7. Smoothies! You can purchase fresh or frozen (just check the sugar content) fruits and vegetables (yes, vegetables in a smoothie like broccoli, mushrooms, or tomatoes). Baggie all the veggies and fruit you want in the smoothie and place in the freezer. When you wake up in the morning pull them out so it can begin to thaw while you finish your morning routine. Then add yogurt, your frozen baggie, ginger, cinnamon and milk, blend, and yum, a smoothie.

Water! Water! Water! Your body is more than half water; therefore, it is vital to having a high-functioning body. The recommended amount of water varies pending on length of time awake, length and intensity of workout, and body weight. Drink water consistently throughout the day. When you wake-up in the morning, drink a glass of water to rehydrate and restore cells that were lacking water throughout the night. During class, rehearsal and performance be sure to  drink water. Ideally, in a one and a half hour class, you should drink at least 8-16oz of water. Adding cucumber or lemon to your water makes it have a bit of a refreshing taste. Another option is  flavored sparkling water. Also, consider your drinking container. Will you drink more water out of a straw, open pour, or squeeze bottle? How do you know you are drinking enough water? You won’t feel thirsty, you will be more energized, and the color of your urine should be a light shade of yellow, not clear and not too dark.

With a busy schedule, it is sometimes hard to break routine.  To help add variety to your food add variety to your shopping list. Always walk in with a list of foods you need for the week. Stick to your list and look at your cart. Does it have a variety of colors and items from all sections of the store?  These are good indicators of a well-balanced list.  To ensure variety, if you purchased one fruit last week, consider buying something different this week. You body needs a variety of nutrients so mixing and matching foods brings in different vitamins and minerals. Plus, it adds more excitement to your meal.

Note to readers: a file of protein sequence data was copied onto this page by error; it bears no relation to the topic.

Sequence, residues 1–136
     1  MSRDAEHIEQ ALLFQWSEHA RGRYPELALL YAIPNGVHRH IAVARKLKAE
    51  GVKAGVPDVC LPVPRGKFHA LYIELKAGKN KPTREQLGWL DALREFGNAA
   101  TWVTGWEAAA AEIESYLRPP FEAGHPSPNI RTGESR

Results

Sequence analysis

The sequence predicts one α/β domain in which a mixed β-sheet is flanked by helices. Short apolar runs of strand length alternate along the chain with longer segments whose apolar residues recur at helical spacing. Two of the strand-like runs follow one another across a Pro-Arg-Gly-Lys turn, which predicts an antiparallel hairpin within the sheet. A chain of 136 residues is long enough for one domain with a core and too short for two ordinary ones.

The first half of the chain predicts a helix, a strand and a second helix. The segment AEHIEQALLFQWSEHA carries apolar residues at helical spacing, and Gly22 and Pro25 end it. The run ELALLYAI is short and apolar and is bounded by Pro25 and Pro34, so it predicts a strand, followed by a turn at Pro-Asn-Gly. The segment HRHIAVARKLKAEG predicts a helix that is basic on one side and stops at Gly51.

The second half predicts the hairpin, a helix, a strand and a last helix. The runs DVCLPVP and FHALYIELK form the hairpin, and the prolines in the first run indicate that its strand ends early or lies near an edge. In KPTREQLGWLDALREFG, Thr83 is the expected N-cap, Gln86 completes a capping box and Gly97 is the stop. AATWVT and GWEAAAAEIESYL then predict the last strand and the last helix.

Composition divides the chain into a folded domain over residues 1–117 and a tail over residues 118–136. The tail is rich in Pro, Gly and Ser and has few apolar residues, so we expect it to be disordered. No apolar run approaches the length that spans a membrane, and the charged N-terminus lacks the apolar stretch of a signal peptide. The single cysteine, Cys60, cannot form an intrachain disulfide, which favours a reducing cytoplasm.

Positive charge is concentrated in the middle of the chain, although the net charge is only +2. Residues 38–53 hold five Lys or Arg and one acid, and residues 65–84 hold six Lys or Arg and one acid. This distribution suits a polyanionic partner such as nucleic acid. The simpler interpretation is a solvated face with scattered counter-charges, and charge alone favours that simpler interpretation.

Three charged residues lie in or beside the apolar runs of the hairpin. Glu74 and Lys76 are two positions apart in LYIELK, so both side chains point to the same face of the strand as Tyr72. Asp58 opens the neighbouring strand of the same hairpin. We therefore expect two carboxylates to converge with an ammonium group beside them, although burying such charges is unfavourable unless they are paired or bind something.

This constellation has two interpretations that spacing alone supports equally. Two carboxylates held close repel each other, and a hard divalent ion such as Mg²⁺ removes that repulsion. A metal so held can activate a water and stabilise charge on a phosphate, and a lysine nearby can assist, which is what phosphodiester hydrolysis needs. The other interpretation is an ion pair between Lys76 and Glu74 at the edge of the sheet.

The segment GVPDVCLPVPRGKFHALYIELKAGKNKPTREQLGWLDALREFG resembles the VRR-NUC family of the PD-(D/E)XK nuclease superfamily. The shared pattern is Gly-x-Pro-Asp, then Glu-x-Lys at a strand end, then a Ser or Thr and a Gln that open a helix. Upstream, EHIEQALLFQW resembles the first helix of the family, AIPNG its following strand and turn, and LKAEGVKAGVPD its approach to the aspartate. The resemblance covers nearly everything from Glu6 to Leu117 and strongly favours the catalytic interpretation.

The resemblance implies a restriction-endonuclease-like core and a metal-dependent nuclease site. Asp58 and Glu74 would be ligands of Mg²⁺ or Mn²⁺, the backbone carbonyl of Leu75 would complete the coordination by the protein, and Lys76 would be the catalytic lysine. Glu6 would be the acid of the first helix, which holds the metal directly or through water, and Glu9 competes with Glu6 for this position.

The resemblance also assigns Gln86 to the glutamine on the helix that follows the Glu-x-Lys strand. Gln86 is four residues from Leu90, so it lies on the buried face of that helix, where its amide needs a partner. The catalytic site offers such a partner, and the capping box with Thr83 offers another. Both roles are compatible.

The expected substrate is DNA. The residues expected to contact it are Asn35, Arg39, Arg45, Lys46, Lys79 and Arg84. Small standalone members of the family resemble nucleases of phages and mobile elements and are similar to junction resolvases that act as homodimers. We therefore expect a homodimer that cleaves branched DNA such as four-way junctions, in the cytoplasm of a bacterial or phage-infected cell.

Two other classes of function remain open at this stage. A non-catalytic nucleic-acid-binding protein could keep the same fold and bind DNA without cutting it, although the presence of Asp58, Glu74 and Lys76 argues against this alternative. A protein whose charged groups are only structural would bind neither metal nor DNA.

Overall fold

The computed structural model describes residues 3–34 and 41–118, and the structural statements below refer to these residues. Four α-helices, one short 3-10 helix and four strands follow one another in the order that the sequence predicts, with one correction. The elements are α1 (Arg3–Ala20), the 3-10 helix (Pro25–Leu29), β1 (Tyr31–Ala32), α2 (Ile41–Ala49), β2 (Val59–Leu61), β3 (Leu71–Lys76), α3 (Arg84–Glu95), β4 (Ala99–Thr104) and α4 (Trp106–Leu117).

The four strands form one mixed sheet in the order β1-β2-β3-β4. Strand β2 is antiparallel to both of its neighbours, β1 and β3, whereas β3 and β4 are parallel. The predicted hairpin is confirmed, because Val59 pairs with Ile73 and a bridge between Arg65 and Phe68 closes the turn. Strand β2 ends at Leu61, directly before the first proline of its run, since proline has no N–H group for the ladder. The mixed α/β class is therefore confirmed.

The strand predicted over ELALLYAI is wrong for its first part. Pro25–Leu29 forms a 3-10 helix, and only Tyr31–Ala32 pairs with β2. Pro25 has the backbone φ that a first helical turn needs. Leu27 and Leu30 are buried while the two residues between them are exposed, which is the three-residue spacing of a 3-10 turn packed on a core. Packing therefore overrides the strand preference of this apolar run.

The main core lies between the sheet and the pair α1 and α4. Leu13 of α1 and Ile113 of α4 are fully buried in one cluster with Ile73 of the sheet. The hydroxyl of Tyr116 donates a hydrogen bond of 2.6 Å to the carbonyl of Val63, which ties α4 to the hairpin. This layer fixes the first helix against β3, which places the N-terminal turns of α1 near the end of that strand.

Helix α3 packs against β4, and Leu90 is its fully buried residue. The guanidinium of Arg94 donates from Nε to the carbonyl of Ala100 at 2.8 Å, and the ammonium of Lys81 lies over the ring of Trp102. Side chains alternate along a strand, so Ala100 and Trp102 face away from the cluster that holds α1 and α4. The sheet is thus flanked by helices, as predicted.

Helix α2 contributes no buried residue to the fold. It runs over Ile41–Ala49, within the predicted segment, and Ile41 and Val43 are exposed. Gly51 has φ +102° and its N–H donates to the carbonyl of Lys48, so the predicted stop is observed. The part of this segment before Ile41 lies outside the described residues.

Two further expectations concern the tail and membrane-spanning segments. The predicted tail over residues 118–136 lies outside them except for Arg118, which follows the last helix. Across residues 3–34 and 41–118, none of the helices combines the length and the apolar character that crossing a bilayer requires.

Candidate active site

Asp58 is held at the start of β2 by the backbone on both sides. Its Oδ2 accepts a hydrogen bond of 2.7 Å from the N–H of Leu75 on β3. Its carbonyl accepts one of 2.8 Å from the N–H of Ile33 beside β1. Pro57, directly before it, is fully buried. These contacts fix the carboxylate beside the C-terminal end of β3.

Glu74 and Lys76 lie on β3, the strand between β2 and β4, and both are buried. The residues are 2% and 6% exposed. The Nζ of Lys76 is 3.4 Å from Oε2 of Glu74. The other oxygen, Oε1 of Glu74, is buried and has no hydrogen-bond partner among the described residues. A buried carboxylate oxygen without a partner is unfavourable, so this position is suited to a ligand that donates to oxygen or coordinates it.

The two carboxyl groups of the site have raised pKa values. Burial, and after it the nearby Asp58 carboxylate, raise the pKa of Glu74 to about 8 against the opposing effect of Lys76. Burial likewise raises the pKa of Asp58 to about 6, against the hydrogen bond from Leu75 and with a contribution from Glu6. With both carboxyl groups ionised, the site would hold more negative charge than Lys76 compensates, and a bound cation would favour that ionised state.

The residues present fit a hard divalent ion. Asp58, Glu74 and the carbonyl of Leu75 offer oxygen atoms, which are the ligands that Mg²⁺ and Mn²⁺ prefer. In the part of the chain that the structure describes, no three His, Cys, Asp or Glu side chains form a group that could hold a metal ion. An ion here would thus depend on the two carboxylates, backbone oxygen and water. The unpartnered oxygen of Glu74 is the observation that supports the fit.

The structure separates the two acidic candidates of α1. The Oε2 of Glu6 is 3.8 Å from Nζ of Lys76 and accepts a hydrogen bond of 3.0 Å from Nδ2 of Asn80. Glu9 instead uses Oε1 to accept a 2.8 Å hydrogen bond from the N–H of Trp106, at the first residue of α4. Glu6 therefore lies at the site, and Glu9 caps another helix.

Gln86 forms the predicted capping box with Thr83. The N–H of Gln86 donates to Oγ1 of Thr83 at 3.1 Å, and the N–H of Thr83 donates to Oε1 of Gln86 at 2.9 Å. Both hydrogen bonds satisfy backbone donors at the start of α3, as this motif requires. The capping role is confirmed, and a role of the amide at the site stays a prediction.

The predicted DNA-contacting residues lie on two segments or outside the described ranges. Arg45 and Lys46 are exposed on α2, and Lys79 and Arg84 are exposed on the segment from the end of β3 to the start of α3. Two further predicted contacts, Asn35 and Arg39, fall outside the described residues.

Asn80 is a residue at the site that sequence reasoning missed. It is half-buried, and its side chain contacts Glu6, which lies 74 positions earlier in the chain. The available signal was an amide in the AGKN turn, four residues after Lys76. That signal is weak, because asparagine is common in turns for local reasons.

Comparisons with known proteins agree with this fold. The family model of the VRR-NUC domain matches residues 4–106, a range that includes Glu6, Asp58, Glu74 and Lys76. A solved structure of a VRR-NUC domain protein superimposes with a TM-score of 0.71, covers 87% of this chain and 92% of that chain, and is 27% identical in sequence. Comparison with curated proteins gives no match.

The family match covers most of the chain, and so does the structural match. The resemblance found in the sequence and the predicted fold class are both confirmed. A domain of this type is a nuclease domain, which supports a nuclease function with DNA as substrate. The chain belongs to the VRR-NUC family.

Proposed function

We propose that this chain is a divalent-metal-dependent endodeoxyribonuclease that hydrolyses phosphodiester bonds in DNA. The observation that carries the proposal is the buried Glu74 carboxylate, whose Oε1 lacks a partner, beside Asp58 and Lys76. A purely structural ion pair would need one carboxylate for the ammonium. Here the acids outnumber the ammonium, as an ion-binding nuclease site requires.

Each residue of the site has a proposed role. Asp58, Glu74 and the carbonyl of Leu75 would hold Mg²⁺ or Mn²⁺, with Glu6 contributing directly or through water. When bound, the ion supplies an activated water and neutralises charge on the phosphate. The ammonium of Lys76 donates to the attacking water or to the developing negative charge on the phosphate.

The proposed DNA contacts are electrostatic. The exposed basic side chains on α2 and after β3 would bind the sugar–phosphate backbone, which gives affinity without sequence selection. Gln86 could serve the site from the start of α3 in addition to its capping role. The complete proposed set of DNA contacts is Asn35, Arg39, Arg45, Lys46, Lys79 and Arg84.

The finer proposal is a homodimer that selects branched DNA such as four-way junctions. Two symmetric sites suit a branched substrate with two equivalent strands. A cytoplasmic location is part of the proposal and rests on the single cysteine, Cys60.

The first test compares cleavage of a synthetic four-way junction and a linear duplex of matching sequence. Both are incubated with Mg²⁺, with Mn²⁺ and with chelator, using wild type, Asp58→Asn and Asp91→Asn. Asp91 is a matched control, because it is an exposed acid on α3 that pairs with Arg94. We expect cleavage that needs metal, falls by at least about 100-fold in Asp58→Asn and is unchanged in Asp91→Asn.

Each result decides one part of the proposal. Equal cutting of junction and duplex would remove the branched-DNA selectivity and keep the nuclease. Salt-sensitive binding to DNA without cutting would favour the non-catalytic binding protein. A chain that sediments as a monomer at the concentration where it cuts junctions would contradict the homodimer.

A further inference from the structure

Food is the fuel you give our body to function. To be a successful dancer, you must be conscious of what is going in your body. Take a few minutes to read ingredients and nutritional contents on the back of packaged food. Healthy and tasty eating in a busy schedule and on a tight budget is doable. Remember it is your body so feed it according to yours needs by giving it a healthy amount of food, plenty of water, and a variety of options!

Reference: Quin, E., Rafferty, S., & Tomlinson, C. (2015). Safe dance practice: an applied dance science perspective. Human Kinetics.

Sutton Anker, MSc is originally from Littleton, Colorado. Sutton’s love of dance took root at a young age when she began dancing at a local studio. This passion carried into college where Sutton earned a Bachelors of Fine Arts in Dance concentration of Science from the University of Wyoming and recently completed her Masters of Science in Dance Science from Trinity Laban Conservatoire of Music and Dance in London, UK. Sutton has performed in various productions throughout her college and professional career including From the Ashes: A Cinderella Ballet, Duet and Power/Full (a Bill T Jones and Arnie Zane Dance Company production), The Nutcracker, Boxed Set, The Little Mermaid and Six Songs from Ellis. Her technical background includes training in ballet, release technique, Horton, modern, tap, jazz, vertical dance, hip-hop, and pointe. Alongside Sutton’s passion of performing and teaching, Sutton has concentrated her studies and interest in the field of Dance Science. Sutton has presented at several Dance Science international conferences including the 2010 Performing Arts Medical Association conference with her research Specific Stretching for Individual Needs, and the 2013 International Association for Dance Medicine and Science (IADMS) Conference presenting her research Effect of Mirrors on Dancers’ Ability to Learn Movement. Sutton is excited to announce that her M.Sc. thesis, An Investigation of the Pedagogical Rationales for Current Mirror Use in a Ballet Technique Class was accepted to the 2016 IADMS Conference in Hong Kong.

Sutton is teaching in the Denver Metro area and pursuing a career in dance and wellness education. She is driven to share her passion of dance to all levels and ages of dancers and non-dancers. Sutton loves everything Colorado has to offer and plans to dance her way around the world.